While Buffy may have gotten all of the attention, spin-off Angel is Joss Whedon’s TV masterpiece (though given a chance Firefly could have been better). A friend and I used to say that Angel was where Buffy characters went for character development. Angel took two of Buffy‘s worst characters (Wesley and Cordelia) and gave them a purpose. While still very much annoying, Cordelia’s character undergoes an incredible transformation from selfish queen bee to someone whose selflessness is used as a weapon against the world she tries to protect. Wesley goes from a useless idiot to a deadly and intelligent (if slightly unhinged) warrior. Sure, Angel suffers from all of the things that piss me off in stories- time travel, resurrection, unresolved plot lines, vampire sex, Vincent Kartheiser- but this series’ stregnth lies not in the actual story but in the themes (even is Smile Time is my favorite episode of anything ever).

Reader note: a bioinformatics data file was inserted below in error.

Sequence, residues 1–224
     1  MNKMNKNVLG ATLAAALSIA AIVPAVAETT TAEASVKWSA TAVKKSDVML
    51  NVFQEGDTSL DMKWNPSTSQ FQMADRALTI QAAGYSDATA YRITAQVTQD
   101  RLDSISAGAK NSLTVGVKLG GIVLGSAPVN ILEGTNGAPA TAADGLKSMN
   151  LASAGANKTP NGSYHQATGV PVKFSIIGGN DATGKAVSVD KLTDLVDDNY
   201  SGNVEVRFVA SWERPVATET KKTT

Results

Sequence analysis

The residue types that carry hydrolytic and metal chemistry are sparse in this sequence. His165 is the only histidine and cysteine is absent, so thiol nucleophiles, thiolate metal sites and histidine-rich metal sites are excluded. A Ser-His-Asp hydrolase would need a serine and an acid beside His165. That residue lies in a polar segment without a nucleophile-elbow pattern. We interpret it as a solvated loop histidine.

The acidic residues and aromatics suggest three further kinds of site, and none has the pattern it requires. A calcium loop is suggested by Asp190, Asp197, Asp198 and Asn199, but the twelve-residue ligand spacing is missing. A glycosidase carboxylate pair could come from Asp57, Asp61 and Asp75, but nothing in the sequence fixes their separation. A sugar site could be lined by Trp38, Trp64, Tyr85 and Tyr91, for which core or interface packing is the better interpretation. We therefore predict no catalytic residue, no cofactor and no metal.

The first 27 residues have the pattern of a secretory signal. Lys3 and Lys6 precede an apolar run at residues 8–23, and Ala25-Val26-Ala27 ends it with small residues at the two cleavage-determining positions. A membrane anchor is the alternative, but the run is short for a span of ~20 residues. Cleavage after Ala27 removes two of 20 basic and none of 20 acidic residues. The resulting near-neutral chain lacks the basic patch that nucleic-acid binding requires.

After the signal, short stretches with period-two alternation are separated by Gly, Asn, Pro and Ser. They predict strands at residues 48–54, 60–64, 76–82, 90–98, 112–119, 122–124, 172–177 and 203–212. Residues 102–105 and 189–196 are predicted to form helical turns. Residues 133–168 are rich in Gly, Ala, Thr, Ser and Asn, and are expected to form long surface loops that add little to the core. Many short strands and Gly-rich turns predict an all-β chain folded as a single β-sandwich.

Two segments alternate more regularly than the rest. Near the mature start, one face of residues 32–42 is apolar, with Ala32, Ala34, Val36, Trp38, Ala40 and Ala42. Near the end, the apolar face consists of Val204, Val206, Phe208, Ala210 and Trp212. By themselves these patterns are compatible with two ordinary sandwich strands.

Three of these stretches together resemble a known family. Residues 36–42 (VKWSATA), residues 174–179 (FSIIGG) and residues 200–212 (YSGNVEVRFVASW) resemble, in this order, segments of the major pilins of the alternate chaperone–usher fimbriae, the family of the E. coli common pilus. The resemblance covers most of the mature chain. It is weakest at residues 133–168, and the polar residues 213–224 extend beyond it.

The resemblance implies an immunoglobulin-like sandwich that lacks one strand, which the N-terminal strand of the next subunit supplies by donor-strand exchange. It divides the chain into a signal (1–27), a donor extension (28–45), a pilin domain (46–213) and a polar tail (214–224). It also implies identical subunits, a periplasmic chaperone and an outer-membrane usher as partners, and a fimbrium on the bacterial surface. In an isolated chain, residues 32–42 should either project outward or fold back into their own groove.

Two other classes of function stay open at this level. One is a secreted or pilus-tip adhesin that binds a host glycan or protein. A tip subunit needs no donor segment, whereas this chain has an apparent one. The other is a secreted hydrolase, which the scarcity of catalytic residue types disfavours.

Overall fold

In the show, there is a lot of discussion regarding “fighting the good fight”. Almost every character enters into the fight of good vs. evil in the hopes of redemption, even when redemption is impossible. The hopelessness of the fight for redemption fits right in with the nature of the conflict these characters are involved in. No matter how hard they fight, no matter what sacrifices are made, the characters are in a losing battle. They cannot hope to eradicate evil, but can only hope to slow them down. The series is about two things: the power of free will to trump destiny, and “fighting the good fight” even when there is no hope of victory. While Angel‘s themes may not have helped tell the greatest of stories, the story is true to these themes throughout the series. Angel is available on both Netflix and Amazon Prime, so there are no excuses for not watching.